All interviews were recorded and the transcripts were analysed to identify key themes and insights which are listed below.
Insights and goals
Although many customers of Servizz.gov were satisfied with the service, some customers and staff had negative experiences because many of the systems were designed around departmental functions rather than service users. Teasing out the underlying issues generated 4 key insights. (This is the only part of this report that must remain confidential.)
Everyone in the system cares about the customer
Customers really appreciated Servizz.gov and staff enjoyed working in it. Although top management felt they had experienced resistance to departments, most departments buy into the vision of one-stop services and felt services to the customer had improved.
Implementation is taking place without a clear strategy
Departments and the call centre sometimes felt that the pace and scale of of the change required, meant they had little time to plan implementation and manage risks. In addition, the Servizz.gov front-end and departmental back-end were planned separately and had different goals, which sometimes resulted in a disjointed customer journey.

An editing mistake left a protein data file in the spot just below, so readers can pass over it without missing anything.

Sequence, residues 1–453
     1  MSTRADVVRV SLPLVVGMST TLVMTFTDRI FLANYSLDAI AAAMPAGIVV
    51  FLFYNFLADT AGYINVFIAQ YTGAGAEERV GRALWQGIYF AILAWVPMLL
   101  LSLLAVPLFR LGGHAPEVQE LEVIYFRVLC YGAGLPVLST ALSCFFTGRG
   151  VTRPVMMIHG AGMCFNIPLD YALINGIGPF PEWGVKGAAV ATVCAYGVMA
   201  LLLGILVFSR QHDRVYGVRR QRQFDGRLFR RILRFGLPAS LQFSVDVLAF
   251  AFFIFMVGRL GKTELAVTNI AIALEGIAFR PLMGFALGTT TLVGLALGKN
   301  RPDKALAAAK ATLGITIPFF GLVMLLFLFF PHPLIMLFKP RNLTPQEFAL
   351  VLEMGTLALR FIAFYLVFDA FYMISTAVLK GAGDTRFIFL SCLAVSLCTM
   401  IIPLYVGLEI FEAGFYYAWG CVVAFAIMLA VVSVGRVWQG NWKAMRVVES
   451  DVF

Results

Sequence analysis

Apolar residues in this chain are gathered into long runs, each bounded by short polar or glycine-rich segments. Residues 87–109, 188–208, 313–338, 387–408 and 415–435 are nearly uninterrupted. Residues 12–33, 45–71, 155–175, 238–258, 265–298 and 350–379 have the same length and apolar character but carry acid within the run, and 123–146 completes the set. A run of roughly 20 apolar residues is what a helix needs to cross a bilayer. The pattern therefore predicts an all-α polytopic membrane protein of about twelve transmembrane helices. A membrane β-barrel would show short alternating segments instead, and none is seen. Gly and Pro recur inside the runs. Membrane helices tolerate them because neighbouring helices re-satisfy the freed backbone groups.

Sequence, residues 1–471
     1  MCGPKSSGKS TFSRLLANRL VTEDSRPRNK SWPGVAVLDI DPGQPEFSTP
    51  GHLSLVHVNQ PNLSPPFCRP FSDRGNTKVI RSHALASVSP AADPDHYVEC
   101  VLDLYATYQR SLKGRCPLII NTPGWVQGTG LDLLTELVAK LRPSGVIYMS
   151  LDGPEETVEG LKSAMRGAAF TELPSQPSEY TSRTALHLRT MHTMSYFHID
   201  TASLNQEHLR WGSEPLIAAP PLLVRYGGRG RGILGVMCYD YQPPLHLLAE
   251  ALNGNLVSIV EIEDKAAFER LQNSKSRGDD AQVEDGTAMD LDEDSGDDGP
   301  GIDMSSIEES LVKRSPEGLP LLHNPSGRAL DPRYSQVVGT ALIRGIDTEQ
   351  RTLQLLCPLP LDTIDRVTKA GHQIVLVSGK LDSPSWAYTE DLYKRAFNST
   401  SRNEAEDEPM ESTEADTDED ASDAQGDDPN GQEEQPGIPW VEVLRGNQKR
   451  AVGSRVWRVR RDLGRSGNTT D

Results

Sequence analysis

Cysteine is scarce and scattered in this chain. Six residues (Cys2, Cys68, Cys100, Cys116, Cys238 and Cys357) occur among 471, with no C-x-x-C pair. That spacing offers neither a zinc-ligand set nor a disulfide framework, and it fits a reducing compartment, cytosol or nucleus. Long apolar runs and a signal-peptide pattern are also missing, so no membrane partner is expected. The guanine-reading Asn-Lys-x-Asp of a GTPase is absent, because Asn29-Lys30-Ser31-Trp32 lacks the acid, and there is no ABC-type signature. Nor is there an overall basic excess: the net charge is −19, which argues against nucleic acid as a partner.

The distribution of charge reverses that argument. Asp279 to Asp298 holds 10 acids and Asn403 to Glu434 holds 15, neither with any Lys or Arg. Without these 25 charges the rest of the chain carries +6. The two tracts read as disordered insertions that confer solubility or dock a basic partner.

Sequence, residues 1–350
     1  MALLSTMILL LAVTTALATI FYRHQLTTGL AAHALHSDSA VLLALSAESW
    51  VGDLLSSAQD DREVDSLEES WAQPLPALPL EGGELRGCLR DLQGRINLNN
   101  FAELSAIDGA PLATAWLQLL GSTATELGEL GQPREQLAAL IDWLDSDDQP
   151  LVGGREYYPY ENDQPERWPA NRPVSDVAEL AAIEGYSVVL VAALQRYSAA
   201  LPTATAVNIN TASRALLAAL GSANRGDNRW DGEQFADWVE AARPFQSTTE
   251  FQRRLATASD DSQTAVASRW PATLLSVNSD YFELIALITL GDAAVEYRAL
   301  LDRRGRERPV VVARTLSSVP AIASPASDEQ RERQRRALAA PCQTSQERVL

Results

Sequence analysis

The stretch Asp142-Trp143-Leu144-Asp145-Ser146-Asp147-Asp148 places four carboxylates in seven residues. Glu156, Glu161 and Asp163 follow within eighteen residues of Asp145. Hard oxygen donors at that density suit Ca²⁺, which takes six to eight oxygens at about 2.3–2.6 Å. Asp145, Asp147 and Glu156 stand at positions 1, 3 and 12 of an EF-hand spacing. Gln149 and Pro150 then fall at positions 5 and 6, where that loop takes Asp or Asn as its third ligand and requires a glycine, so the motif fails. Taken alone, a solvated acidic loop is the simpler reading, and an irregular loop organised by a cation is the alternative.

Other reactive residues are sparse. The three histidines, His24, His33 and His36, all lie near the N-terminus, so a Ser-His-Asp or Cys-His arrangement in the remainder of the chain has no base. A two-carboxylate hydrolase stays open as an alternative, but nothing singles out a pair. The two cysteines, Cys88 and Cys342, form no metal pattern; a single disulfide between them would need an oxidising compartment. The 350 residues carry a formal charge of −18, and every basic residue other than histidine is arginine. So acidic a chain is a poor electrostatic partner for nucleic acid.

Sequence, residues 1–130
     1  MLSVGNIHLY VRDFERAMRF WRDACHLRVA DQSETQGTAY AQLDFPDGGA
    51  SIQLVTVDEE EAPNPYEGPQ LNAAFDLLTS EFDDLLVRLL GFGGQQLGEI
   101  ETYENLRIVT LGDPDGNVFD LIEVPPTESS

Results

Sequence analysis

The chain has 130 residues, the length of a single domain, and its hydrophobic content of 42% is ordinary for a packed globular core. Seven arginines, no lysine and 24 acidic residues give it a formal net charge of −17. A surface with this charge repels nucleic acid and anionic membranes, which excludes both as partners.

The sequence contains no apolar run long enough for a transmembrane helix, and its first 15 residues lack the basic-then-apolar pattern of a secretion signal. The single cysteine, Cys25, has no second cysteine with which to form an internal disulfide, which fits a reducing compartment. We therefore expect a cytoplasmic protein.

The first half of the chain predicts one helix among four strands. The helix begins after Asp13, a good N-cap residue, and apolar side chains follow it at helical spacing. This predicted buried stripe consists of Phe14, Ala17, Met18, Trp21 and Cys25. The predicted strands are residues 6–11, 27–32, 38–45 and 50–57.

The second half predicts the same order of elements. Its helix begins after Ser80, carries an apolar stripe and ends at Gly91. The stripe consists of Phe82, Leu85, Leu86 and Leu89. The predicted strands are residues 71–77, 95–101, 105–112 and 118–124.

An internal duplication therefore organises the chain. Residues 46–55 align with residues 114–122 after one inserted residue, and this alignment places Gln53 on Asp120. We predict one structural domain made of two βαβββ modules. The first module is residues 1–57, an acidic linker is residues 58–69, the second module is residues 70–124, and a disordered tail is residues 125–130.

There is too much push and not enough pull
The tendency to respond to delay with direction sometimes reduced capacity to respond. If staff were not responding to cases because they were overwhelmed or cases were complex, more pressure just increased anxiety and made staff feel judged unfairly. Focusing solely on timescales was also having an adverse effect on the quality of service and people felt they were scolded when they didn’t achieve them. Staff wanted more time to communicate and build relationships and more recognition for good performance.
The operational pressures are preventing learning from taking place
There are some staff across the system that were working unacceptably long hours and the team leading Servizz.gov were stretched and had little time for anything but fire fighting. Some departments had a list of problems in implementation that were not resolved and staff were scared to talk about problems, and this was preventing learning from taking place.